I get very curious, though, about who those readers are, since so few of you leave comments. So I'd like to invite all of you to add a short comment to this post telling me a little about yourself. It'll help me get a mental image of just whom I'm writing for.

Feel free to chime in on any other post, too, of course, or continue reading without commenting. And as always, if there are things you'd like to see added, removed or changed on the site, e-mail me. I hope for this to become an interactive blog that readers have a stake in. I can't do that without your comments.

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Sideshows and substance

First we had Dean Johnson "sanding off" the truth. Now we have Gil Gutknecht in "Gettygate."

During a campaign appearance last week in Mankato, Gutknecht, a Rochester Republican, told a group of college students they could play as pivotal a role in defending Republican control of Congress as the 1st Minnesota did at Gettysburg, according to a report published Tuesday in the MSU Reporter, the Minnesota State University-Mankato student newspaper.

The 1st Minnesota saved the field for the Union forces July 2, 1863, by stepping into a breach in their line and repelling a Confederate assault. The unit lost 82 percent of its men in the process, the highest casualty rate of any Union regiment in any battle.

"To compare beating Democrats to defeating the Confederate Army is either an absurd display of historical ignorance or an insult to the intelligence of Minnesota," Melendez said in a news release under the headline "Gutknecht likens DFL Party to slaveholders." David Ruth, the party's communications director issued the release.

Oh, please.

There are times when both parties try to tar the other with racist associations. The most egregious is the use of "plantation" imagery, which Republicans often use to describe Democrat domination of the black vote, and which Hillary Clinton used to describe Republican control of the Senate.

But a reference to a pivotal battle in the Civil War hardly likens DFLers to slaveholders.

Personally, if I were one of the college students so addressed, I'd be a bit concerned by that 82 percent casualty rate. I didn't realize human-wave attacks were part of the Republican electoral strategy. And don't Democrats support gun control? I had no idea Dems could do so much damage with their bare hands.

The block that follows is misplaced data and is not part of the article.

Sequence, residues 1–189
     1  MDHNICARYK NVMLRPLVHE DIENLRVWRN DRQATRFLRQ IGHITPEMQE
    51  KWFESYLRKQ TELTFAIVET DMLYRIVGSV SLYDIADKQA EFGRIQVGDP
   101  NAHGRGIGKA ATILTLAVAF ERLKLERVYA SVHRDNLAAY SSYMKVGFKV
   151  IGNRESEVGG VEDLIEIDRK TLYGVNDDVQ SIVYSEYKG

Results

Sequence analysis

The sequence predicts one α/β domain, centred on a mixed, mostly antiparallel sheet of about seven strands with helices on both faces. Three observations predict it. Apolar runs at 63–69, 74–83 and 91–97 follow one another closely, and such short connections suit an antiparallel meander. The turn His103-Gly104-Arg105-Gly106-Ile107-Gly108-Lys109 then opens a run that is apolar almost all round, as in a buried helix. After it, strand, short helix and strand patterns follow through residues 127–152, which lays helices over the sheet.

While the parties distract everyone with sideshows like this, a state House committee approved a University of Minnesota stadium plan that includes a $50-per-year fee increase for students, and both the Senate and the House are considering bills to keep the identity of University presidential candidates secret, among all the other bills awaiting action this session.

Dustups are fun, but they're not important.

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Wednesday, March 29, 2006

Abdul Rahman, religious refugee

Abdul Rahman has turned up in Italy, which has granted him asylum.

I suppose we should be glad that he will live, instead of being executed by the Afghan government or lynched by people inspired by the bloodthirsty calls of Afghan judges, mullahs and legislators.

Of course, he now has to start his life over in a strange land. And -- coincidentally, of course -- the family members that turned him in will now get default custody of his children -- which, you may recall, is how this whole case got started.

Religious law leads to all sorts of stupid things, like this case of a man divorcing his wife while he slept. But what separates the Abdul Rahman case is the response. In the divorce case, everyone criticized the move; one Islamic scholar called the elders "totally ignorant." In the Rahman case, authority figures all across the country supported the concept of executing someone for their religious belief.

It's going to be real embarassing when the United States is forced to put Afghanistan and Iraq on its list of human rights violators.

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Hunting, with a helping of guilt

In Sunday's New York Times magazine, Michael Pollan takes what might be the most tortured excursion into hunting that I've ever read.

Pollan, who had never hunted before in his life, says he wanted to prepare a meal from the ground up: kill the food, prepare it, eat it. His goal was to experience the full karmic consequences of the food chain.

What followed was a sort of "Gomer Pyle goes hunting" escapade, infused with atavistic thrills, guilt and disgust.

Very few things, least of all hunting, lend themselves to overanalysis. And the article, while it contained some interesting points, had overanalysis in spades.

I grew up hunting squirrels and deer with my dad and brothers. I didn't always look forward to it, because it meant getting up before dawn and heading out into the cold woods to wait for first light. And during deer season there were so many other hunters that it felt a bit like a war zone. That's what made us eventually give it up: walking along just below a ridge line and listening to bullets whizzing overhead. Venison steak just wasn't worth the risk of being shot by morons.